Concentrated Soy Sauce

Concentrated Soy SauceThere are two sauces that go on our table with virtually every meal.  One is the ubiquitous chili sauce Sriracha and this is the other one.  There are several versions or formulations of concentrated soy, depending on the country of origin.  The one the we make for our use is the Japanese variety.  It is rich and complex in flavor, slightly smoky, and a little bit bitter.  It lacks the garlic and chili overtones of its Korean cousin and is not as astoundingly sweet as the Indonesian types.

We use this sauce as a standard table-top condiment to accent the flavor of meat, rice, and tofu dishes.  It is richly flavored enough to transform simple ingredients into a meal.  For example, eating a slab of plain tofu is simply not very exciting; drizzle this stuff over the top, add some scallions and nuts to garnish and you have created something worthy of stuffing in your face.  Good additions to round out the experience are a bowl of soup and a small bowl of rice.  Very tasty and just right for a fast lunch if you are pressed for time.  If you are trying to clean up or simplify your diet, this sauce is helpful because it provides enough flavor to make even bark dust interesting.

There is not much to screw up in preparing the sauce.  While the ingredients may seem exotic to some, they are commonly available at Asian groceries.  I discuss kombu seaweed and kastuo-bushi (dried bonito) in more detail in my post about Making Dashi.  There are a couple of pieces of advice I would offer in making this sauce: 1) Make sure you get a good soak on the kombu and mushrooms.  A nice overnight soak will extract the deep, rich flavors that you are looking for; 2) Don’t chicken out on reducing the sauce.  You have to get it reduced enough for the sugars to slightly caramelize. When the sauce begins to coat the back of the spoon, go a little longer; 3) Don’t leave the fish in too long.  Two to three minutes is plenty.  For those that think they want more fish flavor, more fish rather than a longer soak is better route.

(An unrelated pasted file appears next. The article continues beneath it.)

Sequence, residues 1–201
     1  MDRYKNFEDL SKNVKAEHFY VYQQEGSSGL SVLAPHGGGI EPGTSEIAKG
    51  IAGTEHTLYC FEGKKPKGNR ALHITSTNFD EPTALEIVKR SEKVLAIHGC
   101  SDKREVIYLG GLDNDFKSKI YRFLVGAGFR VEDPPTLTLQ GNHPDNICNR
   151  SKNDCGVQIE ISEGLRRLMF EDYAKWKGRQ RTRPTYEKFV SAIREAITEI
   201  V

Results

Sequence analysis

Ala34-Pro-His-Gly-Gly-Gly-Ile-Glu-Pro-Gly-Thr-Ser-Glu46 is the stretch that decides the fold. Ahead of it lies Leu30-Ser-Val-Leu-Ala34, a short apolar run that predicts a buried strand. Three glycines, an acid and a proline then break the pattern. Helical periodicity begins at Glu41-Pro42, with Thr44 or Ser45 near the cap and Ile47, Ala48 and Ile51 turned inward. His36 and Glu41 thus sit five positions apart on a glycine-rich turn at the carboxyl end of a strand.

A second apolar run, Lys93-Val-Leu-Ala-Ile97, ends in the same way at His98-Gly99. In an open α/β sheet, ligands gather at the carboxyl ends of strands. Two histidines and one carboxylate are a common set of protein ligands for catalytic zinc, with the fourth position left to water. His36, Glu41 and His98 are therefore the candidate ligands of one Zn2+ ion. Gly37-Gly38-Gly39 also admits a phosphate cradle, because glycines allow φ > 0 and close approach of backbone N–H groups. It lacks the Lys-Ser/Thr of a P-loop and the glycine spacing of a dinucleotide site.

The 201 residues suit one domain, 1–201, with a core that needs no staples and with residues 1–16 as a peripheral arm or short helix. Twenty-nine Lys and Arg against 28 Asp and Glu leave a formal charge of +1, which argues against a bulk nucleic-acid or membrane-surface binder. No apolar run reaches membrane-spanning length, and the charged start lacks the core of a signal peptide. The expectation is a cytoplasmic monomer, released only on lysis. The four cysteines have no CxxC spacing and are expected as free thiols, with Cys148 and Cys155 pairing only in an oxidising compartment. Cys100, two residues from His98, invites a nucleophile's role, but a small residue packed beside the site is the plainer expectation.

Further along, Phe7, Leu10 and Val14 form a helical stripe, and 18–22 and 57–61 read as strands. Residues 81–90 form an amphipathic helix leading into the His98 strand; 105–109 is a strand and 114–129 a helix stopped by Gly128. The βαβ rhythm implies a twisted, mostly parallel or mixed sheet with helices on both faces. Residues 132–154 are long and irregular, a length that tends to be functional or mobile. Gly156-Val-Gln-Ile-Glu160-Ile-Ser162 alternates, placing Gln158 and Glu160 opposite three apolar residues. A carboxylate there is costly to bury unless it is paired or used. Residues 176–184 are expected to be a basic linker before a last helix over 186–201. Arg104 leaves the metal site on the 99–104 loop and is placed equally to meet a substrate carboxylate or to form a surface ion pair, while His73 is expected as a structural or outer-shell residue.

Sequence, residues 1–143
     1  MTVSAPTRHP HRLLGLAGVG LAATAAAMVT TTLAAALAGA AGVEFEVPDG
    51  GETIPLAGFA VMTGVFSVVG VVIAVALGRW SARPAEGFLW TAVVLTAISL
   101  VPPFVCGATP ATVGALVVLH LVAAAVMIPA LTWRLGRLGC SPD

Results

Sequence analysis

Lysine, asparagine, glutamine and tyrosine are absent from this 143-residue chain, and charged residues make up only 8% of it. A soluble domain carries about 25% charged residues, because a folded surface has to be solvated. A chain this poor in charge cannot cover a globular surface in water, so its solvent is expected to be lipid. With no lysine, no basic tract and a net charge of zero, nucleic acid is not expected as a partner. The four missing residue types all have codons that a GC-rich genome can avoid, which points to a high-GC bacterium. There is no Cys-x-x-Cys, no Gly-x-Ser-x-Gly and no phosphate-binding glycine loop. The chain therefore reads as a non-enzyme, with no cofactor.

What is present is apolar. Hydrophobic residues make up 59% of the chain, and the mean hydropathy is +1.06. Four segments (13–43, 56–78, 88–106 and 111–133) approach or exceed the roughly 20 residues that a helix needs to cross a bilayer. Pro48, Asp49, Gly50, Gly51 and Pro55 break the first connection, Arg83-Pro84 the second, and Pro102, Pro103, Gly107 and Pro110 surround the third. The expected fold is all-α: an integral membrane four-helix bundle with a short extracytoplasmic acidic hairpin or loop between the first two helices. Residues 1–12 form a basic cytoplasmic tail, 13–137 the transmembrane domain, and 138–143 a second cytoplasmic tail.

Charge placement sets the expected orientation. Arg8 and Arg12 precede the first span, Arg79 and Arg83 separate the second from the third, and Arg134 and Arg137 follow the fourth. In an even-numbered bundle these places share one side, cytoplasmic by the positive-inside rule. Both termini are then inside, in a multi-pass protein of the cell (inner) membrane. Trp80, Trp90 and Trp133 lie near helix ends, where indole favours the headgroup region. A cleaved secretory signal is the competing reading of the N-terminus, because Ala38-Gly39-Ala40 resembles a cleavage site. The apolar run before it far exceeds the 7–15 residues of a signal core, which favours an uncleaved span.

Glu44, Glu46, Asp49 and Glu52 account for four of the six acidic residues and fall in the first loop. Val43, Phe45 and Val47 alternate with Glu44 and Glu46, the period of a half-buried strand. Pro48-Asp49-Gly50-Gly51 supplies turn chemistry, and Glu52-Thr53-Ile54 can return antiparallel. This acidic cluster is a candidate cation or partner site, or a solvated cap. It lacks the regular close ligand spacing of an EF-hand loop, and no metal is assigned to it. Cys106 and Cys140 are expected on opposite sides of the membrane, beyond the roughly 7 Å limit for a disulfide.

I hope you enjoy this sauce.  Try it.  When I first made it, I was delighted with the flavor, which was very unlike my preconceived notion of what it would taste like when complete.  Oh, get a nice bottle for your sauce; they are cheap.


Concentrated Soy Sauce
Recipe type: Sauces and Condiments
Cuisine: Japanese
  • ~20 to 30 grams kombu (dried kelp), cut into 2 inch squares
  • 2 to 3 large dried shitake mushrooms, cut into pieces
  • 1⅓ cup soy sauce
  • ⅔ cup sake
  • ⅓ cup water
  • ⅓ cup sugar
  • 4 Tbs. mirin
  • ¾ to 1 cup lightly packed katsuo-bushi (dried shaved bonito)
  1. Place kombu, mushroom, soy sauce, water, and sake in a container. Set aside to soak for at least 2 hours, but preferably overnight.
  2. Place mixture in small to medium sauce pan, add the mirin and sugar, and bring to boil boil over medium-high heat. Reduce heat and simmer for about 15 to 20 minutes to reduce. Mixture is properly reduced when it is slightly syrupy and coats the back of a spoon.
  3. Remove from heat and add the katsuo-bushi. Let stand for only 2 to 3 minutes to soften fish. Longer soaking times will make the sauce bitter.
  4. Using muslin or a fine mesh strainer, filter the sauce from the solids. Press additional fluid from the solids, pour into a bottle, let cool and seal.


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